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Bulletproof Monk – why no one knows if Garry is doing well or not

If a furious brick fight with Chico Flores had been one of the last things Garry Monk had done during his remarkable playing career at Swansea, it would have been a peculiar (though hilarious) way to be remembered.

by Andrew Boulton | March 13, 2015

What actually happened was that shortly after he narrowly avoided an industrial thrashing from an angry Spaniard, he was appointed manager of the club he had served so loyally from boggy third tier away trips to Hartlepool, all the way to the Premier League.

And ever since taking over from Michael Laudrup, this country’s most beloved Dane since Bowers, he has done brilliantly. Or awfully. Or just ok. The truth is, like which direction Matt Le Tissier’s hair is supposed to point in, no one really knows.

Monk’s Swansea currently sit in 9th position. Respectable enough, but closer inspection of their record reveals a side about as consistent as the surface area of Wayne Rooney’s forehead. 28 games in and Swansea have won 11 and lost 10. Overall, under Monk, the wins and losses columns are just about split down the middle too.

It may well seem churlish to question a manager whose team sit in the top half of the Premier League, when almost exactly ten years ago they were losing 1-0 to Lincoln City (thanks to a Garry Monk own goal). But nevertheless there is still a question mark over whether Monk is doing a great job. Or at least whether he is doing any more than keeping Swansea trotting ponderously along, like an ageing swan chasing after a fat toddler’s exceedingly breakable arm bones.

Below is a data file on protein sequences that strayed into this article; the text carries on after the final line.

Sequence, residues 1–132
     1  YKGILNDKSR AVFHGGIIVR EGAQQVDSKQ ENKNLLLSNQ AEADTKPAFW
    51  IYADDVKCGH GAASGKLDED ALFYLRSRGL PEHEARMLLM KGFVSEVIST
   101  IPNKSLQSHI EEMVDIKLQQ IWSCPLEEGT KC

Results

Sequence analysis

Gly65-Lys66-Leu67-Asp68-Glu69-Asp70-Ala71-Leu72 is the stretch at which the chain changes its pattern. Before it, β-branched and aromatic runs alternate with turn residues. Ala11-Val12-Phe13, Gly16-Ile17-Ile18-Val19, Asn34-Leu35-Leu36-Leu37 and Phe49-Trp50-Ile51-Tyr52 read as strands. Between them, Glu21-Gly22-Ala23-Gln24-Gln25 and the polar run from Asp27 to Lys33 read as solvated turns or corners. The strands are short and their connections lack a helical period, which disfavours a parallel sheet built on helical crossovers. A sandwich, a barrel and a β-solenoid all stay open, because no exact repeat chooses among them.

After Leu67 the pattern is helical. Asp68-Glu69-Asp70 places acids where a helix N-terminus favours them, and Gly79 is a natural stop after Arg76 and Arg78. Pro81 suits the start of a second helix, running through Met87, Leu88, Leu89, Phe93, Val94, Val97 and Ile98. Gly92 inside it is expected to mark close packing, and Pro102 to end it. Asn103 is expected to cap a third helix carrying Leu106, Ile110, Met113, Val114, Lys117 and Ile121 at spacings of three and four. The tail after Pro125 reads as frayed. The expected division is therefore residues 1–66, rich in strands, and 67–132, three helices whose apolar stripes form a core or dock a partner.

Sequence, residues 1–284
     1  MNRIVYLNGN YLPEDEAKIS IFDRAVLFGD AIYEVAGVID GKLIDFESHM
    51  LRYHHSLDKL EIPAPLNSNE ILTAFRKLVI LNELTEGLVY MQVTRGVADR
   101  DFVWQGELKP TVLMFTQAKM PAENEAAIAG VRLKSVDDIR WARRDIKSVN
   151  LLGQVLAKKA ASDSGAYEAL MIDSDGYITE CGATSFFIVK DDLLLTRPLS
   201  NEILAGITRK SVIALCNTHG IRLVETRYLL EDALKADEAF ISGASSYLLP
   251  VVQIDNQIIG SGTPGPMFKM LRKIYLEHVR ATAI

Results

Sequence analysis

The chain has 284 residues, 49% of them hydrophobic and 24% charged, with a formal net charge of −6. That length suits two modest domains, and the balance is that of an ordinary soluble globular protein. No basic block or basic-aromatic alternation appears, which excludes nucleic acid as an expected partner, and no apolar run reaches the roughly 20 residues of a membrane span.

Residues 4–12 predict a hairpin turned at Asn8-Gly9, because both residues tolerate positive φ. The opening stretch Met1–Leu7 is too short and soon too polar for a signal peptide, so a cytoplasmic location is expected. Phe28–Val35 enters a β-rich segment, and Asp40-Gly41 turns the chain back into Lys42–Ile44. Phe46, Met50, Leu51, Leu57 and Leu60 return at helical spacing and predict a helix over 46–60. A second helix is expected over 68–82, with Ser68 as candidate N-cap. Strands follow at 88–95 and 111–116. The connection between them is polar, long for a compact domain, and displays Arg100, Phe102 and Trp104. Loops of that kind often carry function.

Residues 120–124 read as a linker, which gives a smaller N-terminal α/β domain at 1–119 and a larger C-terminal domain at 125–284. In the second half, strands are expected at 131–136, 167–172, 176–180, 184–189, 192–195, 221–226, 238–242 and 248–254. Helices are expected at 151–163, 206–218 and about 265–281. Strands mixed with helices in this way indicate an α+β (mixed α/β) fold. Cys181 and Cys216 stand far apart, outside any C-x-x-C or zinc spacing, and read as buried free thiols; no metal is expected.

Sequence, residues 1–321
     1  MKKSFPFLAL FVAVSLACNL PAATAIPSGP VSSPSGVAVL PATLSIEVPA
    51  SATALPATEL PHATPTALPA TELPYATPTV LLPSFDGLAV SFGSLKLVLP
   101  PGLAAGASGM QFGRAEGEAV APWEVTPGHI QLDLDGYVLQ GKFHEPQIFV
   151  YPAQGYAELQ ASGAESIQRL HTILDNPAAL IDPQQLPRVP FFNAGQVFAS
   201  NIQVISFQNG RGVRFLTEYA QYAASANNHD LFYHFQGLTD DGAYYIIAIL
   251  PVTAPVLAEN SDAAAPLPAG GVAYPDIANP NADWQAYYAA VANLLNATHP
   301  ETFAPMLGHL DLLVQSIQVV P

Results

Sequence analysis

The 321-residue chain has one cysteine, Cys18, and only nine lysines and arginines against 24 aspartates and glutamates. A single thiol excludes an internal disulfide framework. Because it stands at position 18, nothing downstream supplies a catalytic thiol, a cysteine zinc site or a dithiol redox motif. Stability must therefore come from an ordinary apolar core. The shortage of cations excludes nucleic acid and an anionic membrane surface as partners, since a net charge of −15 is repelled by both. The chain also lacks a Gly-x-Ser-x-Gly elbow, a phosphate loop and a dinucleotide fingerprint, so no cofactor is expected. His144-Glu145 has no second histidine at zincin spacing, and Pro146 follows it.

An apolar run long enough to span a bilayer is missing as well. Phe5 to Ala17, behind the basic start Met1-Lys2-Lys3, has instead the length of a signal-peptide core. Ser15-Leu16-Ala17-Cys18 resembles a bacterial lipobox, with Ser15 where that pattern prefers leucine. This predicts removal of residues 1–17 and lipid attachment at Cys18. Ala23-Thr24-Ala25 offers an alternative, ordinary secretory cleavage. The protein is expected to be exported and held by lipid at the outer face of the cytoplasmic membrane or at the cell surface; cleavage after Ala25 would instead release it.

Swansea are a team very much nestled into the clammy bum-cleavage of the Premier League’s mid-table. In their 3 seasons in the top flight they have never had anything less than a nine point cushion between their final position and the relegation zone. Currently, they sit 18 points above it.

But Swansea are an impeccably run club with an excellent model of recruitment and financial management. Through that prism of stability, a team that hasn’t won more than three games in a row all season seems as if it should and could be doing more.

And yet Monk’s position is beyond safe, it’s bulletproof.  Hand plucked from coaching the youth team as part of his UEFA A qualification, Monk was thrust directly into the top job when chairman Huw Jenkins decided he’d had enough of Laudrup banging on about how The Killing is loads better than Fireman Sam.

Monk’s ambitions are currently not much greater than the 47 points Brendan Rodgers achieved in 2011-12 and the 46 Laudrup achieved the year after. But despite the steady foundations, Monk’s few critics in the media have suggested there is a whiff of the ‘10th Place Ceiling’ about his tenure – just another squatter in Alan Curbishley’s mid-table bungalow.

We can’t even get a decent picture about Monk’s qualities from how he develops his players. On the one hand Bafétimbi Gomis has made 9 starts since Wilfried Bony’s departure and scored once. Gylfi Sigurðsson meanwhile had an astonishing start to the season, but has not created a goal in his last ten games. And yet on the other hand, Jonjo Shelvey’s development from an angry badger in a wheelie bin to Swansea’s driving force is entirely Monk’s doing.

No one can say the Premier League’s youngest manager is doing anything but a good job. But, in terms of actually taking Swansea forward and building a side that can challenge beyond 9th, 10th and 11th, he’s never had a trickier battle. At least not since someone tried to pluck his eyebrows with a paving slab. Never laugh at a man named Chico my friends.

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